After the university moved in, the only change made was the shifting of local carrier service from downtown to a nearby branch at 14th Street and Buckeye. And the only future modifications ASU has planned are designed to benefit postal customers, not to alter or deface the interior of this historic structure.
“The window section will probably get new counters,” [USPS spokeswoman Donna] Spini mused, “and we’ve asked for a handicap stall for visitors who are doing business from a wheelchair.”
ASU has also approved every restoration effort the postal service has requested, even agreeing not to pull out my fave vintage glass-front postal boxes, despite ASU’s fears that the little windows promote identity theft.
“It seems like the stars are all coming together on this project,” Spini says. “ASU is backing us on our plan to keep the post office here in all its original beauty. Sometimes, you can have your cake and eat it, too.”
It sounds like this cake will be slathered with too much frosting. [Note: To read the full article and online comments, click here.]
[Source: John Talton, Rogue Columnist] — Former Arizona Republic columnist Jon Talton still thinks and writes about his old hometown, Phoenix. Upon returning to his current home from a recent visit and book signing tour in Arizona, Jon wrote the following blog post about the new downtown Phoenix Civic Space (in contrast to this other local blogger’s view):
“…Which brings me to the Floating Diaphragm. That’s what local wags have dubbed the “public art” project that is the signature of the new park on Central Avenue downtown between ASU and the Y. At night, it’s stunning. A floating purple dream. But, as with the Sandra Day O’Connor Federal Courthouse, this is something designed by someone with no knowledge of local conditions. After the first big monsoon, look for the diaphragm in your neighborhood — Gilbert would be appropriate, with its sex phobia and sex scandals.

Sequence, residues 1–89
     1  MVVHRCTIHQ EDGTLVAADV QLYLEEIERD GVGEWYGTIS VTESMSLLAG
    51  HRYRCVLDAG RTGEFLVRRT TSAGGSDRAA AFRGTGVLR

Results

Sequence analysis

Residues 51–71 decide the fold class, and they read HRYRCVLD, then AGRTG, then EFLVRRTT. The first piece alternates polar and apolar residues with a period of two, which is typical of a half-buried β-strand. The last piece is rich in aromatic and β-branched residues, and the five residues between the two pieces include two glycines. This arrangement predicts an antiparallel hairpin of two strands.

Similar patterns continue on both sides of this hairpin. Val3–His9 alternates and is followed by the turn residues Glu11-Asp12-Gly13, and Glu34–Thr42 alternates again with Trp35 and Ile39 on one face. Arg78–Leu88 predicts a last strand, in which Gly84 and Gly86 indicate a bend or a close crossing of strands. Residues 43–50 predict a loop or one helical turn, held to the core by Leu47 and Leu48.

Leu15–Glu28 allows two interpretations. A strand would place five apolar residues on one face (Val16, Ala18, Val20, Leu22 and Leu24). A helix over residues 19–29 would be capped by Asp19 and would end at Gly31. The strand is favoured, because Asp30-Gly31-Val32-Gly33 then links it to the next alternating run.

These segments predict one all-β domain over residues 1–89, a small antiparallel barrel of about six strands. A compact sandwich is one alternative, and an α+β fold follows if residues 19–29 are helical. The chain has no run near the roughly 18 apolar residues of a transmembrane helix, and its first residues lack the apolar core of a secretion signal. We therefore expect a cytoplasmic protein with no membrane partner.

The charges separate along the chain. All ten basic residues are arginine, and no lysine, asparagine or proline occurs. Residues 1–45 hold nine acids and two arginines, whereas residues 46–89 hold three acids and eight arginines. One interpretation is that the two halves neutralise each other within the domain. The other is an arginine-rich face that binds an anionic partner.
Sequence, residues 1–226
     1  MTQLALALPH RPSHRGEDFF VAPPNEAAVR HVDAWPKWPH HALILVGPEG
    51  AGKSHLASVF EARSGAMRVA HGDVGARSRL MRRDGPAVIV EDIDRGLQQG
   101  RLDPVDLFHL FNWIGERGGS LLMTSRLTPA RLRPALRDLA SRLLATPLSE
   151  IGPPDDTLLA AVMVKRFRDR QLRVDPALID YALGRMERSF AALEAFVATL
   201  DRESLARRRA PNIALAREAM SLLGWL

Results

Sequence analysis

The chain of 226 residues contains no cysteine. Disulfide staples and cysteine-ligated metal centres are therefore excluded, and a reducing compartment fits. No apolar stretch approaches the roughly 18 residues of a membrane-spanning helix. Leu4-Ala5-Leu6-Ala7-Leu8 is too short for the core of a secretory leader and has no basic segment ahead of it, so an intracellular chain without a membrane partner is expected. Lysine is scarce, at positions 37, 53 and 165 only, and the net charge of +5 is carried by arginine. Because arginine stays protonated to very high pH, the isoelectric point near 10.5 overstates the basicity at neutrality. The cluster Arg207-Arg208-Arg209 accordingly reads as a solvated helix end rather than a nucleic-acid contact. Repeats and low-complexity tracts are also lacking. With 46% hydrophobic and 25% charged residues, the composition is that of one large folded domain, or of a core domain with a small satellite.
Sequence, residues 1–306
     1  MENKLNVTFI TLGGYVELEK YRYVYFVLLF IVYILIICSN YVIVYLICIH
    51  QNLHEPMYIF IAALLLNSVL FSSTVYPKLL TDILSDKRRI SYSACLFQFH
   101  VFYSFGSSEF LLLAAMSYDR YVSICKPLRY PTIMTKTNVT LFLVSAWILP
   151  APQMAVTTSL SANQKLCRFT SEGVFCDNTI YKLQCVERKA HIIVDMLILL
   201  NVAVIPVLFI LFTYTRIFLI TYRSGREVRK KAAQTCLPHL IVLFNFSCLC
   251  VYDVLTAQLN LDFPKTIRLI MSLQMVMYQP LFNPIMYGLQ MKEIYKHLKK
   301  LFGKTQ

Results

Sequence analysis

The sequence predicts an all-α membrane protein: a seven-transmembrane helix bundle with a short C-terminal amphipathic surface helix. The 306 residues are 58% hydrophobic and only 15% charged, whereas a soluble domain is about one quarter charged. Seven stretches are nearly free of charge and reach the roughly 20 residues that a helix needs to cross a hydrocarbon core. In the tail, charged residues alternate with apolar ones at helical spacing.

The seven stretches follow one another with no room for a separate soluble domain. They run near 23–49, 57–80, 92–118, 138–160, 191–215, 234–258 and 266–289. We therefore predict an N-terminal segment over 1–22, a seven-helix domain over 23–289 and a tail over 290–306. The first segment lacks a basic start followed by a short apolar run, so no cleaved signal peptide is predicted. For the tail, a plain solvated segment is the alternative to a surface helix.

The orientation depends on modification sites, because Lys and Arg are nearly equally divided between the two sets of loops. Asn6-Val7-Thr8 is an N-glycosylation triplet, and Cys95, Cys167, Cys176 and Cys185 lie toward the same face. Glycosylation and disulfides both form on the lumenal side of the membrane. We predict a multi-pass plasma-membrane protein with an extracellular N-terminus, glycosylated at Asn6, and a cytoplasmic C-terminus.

The park — we’ll see. Phoenix is not good at civic spaces. It’s unclear if it will have enough shade and grass to be inviting year-round. And nobody can stop the creeping gravelization of the once-oasis central city. City Hall sets a terrible example. The old Willo House has been spiffed up as Hob Nobs. But it’s surrounded by gravel and a couple of fake palm trees — who wouldn’t want to be around that 140-dgree heat surface on a summer day? And there are more of them — the natives and long-timers agree the falls and springs have shrunk to a week or two, and winter is getting shorter (and it lacks the frosts that once kept the mosquito population in check). The central city needs lots of shade trees and grass, to offset the heat island effect. It is a much better water investment than new golf courses or more sprawl. Nobody’s listening. Almost: The Park Central Starbucks has made its outdoor space even more lush, shady, and comfy.
Back to the diaphragm. It’s definitely better than the “public art” you whiz by at Sky Harbor because it focuses a civic space, the kind of walkable, gathering places great cities have and Phoenix mostly lacks. Some art at the light-rail stations is quite well done. But, there’s a deadening sameness. My friend, the Famous Architect, likes to rib me, “Not everything old is good.” True enough. But not everything new is good, either. I’d love to see some classical statues and artwork downtown to, say, commemorate the heroic pioneer farmers, the heroic, displaced indigenous peoples, the heroic Mexican-Americans, the heroic African-Americans from this once very Southern town and the heroic Chinese-Americans. Just two or three would offer some contrast and variety, and, I suspect, unsophisticated oaf that I am, elevate and inspire more souls who communed with them. It would also give the lie, in visual form, to the newcomer lie that “there’s no history here.”
Another wish I won’t get. [Note: To read the full blog posting, click here.]
[Source: Life in Downtown Phoenix blog] — On a perfect April night last week, you could see things all starting to come together for downtown Phoenix. On the surface, it was merely a couple hundred people taking in a free movie in a park. But when put in perspective, the screening of The Dark Knight put on by ASU students for a class project was a huge moment that illustrated how far downtown Phoenix has come.